British Doctors' Group Warms to E-Cigs for Harm Reduction

The Product Safety & Liability Reporter™ provides updates on significant developments and issues in product safety and liability litigation and regulation, plus analysis from top litigators. Get...

April 28 — Electronic cigarettes have the potential to play an important part in reducing the harm associated with smoking, an influential British medical group says.

Concerns “about e-cigarettes helping to recruit a new generation of tobacco smokers through a gateway effect are, at least to date, unfounded,” the Royal College of Physicians said in a report released April 28.

Similarly, concerns about e-cigarette use making conventional cigarette smoking more acceptable aren't borne out, the group said.

Nicotine itself isn't highly hazardous, the RCP said. And the long-term effects from inhaling e-cigarette vapor, though currently unknown, are “unlikely to exceed 5% of the harm from tobacco smoke,” it said. The report is entitled, “Nicotine Without Smoke: Tobacco Harm Reduction.”

“Large-scale substitution of e-cigarettes, or other non-tobacco nicotine products,” such as nicotine replacement therapy (NRT), “for tobacco smoking has the potential to prevent almost all the harm from smoking in society,” the RCP said.

“Promoting e-cigarettes, NRT and other non-tobacco nicotine products as widely as possible, as a substitute for smoking, is therefore likely to generate significant health gains in the UK,” the report concluded.

Policy Recommendation

That recommendation is “a huge thing,” Cynthia Cabrera, executive director of the Smoke-Free Alternatives Trade Association, told Bloomberg BNA April 28. The association represents e-cigarette makers, distributors and others.

Cabrera said the suggestion that “governments push for e-cigarettes over combusted cigarettes” was particularly impressive coming from “the Royal College of Physicians, which were the ones that first found that combusted cigarettes caused cancer.”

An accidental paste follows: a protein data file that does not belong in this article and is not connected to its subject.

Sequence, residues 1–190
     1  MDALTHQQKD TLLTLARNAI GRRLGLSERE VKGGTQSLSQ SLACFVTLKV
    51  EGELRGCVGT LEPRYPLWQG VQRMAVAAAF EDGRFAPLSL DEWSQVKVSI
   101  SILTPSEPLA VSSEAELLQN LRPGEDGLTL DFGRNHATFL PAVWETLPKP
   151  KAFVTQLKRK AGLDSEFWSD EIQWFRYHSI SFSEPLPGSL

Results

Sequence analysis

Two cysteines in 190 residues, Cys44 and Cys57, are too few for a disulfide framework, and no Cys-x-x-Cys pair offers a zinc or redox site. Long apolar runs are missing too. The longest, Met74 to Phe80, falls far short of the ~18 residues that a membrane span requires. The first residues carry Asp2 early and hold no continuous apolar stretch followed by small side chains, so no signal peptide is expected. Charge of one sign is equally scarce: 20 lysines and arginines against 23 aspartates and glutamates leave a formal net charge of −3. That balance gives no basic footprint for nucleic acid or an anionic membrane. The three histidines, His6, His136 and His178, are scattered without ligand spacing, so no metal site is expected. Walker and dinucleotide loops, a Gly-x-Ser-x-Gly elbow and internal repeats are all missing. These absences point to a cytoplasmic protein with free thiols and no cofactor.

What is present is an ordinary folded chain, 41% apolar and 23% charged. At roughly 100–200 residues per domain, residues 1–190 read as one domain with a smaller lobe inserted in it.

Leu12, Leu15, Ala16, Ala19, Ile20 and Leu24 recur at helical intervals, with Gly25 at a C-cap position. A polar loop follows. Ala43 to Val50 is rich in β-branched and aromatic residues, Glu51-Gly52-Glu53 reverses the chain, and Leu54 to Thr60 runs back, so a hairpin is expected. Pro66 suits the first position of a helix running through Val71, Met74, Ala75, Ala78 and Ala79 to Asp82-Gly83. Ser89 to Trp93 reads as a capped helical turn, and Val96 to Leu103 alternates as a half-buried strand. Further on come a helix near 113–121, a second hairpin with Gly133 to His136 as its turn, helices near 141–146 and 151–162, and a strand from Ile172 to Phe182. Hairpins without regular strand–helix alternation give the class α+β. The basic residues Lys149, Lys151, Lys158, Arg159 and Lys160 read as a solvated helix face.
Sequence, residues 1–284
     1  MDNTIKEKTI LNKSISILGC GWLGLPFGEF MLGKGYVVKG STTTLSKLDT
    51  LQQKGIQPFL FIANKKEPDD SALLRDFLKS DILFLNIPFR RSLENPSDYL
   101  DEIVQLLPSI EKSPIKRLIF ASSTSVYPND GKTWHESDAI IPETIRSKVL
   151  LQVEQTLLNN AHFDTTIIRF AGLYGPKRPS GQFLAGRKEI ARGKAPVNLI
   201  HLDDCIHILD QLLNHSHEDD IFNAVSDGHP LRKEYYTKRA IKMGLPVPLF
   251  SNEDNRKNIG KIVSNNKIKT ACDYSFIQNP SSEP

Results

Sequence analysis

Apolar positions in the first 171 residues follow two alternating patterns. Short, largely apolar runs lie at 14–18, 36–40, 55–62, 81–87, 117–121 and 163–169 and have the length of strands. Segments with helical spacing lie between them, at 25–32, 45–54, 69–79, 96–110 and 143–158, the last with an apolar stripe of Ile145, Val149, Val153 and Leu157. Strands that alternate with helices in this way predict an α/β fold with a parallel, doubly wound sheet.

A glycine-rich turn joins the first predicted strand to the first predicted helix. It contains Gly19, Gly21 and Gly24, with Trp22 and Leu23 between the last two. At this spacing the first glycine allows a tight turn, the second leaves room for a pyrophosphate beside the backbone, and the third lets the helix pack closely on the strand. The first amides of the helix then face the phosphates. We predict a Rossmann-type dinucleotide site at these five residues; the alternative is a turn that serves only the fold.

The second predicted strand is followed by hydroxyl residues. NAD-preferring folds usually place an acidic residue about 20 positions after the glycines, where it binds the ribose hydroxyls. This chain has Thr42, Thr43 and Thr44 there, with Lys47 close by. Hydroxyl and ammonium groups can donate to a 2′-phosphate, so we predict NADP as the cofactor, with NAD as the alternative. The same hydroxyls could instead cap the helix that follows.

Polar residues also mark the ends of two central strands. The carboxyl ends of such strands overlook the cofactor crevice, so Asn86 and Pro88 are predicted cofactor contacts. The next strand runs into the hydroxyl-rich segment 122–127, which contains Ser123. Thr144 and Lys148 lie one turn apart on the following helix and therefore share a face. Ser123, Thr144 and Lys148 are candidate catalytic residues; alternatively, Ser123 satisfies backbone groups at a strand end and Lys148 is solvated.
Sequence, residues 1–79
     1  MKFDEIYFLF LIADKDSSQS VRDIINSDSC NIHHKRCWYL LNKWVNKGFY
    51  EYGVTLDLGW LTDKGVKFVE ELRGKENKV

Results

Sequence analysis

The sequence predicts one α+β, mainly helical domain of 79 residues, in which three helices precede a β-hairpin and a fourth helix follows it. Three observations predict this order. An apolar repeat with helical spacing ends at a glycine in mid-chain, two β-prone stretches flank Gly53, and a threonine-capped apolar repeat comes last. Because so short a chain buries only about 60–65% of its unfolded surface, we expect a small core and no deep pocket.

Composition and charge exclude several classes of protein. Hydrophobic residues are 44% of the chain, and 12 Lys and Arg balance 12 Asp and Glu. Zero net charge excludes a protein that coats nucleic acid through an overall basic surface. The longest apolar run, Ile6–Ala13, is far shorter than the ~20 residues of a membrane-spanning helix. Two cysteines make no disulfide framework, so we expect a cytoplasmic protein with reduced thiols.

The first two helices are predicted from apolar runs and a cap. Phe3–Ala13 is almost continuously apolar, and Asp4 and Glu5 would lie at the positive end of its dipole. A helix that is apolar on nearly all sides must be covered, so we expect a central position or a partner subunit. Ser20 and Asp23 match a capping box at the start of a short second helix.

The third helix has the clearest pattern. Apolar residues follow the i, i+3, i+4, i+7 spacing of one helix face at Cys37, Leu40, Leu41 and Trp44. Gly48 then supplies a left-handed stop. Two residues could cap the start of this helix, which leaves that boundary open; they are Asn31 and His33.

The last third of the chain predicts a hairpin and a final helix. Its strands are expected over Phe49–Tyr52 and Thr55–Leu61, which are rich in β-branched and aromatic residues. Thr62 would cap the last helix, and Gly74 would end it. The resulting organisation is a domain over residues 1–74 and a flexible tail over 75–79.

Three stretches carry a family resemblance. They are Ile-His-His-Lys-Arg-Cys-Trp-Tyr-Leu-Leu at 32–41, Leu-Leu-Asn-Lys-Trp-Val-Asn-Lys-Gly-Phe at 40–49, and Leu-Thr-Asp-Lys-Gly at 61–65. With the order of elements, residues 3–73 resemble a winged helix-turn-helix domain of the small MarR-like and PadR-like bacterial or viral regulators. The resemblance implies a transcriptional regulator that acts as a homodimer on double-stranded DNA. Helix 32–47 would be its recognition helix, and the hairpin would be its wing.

“The bottom line is they absolutely endorse these products and believe that other governments should do so as well,” Cabrera said.

The RCP interacts with the U.K.'s National Health service “at various levels,” according to its website.

Role of FDA

Matthew L. Myers, president of the Campaign for Tobacco-Free Kids, said in an e-mailed statement, “This report shows exactly why we need FDA regulation of e-cigarettes to minimize the risks they pose, especially to children, and maximize potential benefits.”

“If there is to be a public health benefit from e-cigarettes, it will only come if they are effective at helping smokers end the use of cigarettes and if they are responsibly marketed so they do not re-glamorize tobacco use among young people,” Myers said.

The RCP report, authored by its Tobacco Advisory Group, comes on the heels of a U.S. Centers for Disease Control and Prevention report finding that middle- and high-school students' use of e-cigarettes continued to rise in the latest National Youth Tobacco Survey.

“Three million middle and high school students were current users of e-cigarettes in 2015, up from 2.46 million in 2014” in the U.S., the CDC said in an online summary of its report.

Myers called for the White House to “promptly issue the final rule providing for FDA oversight of e-cigarettes.”

The Food and Drug Administration's so-called deeming rule, bringing e-cigarettes and some other products under FDA authority, is being reviewed by the Office of Management and Budget.

“Without such oversight, there will continue to be more questions than answers about the public health impact of e-cigarettes,” Myers said.

Meanwhile, a provision in an agriculture funding bill in the House of Representatives would allow some FDA regulation of e-cigarettes under the deeming rule but would limit the agency’s premarket review of the products (44 PSLR 437, 4/25/16).

[Correction:  This version of the story reflects that an amendment to an agriculture funding bill in the House of Representatives would allow some FDA regulation of e-cigarettes but would limit the agency’s premarket review of the products.]

To contact the reporter on this story: Martina S. Barash in Washington at

To contact the editor responsible for this story: Steven Patrick at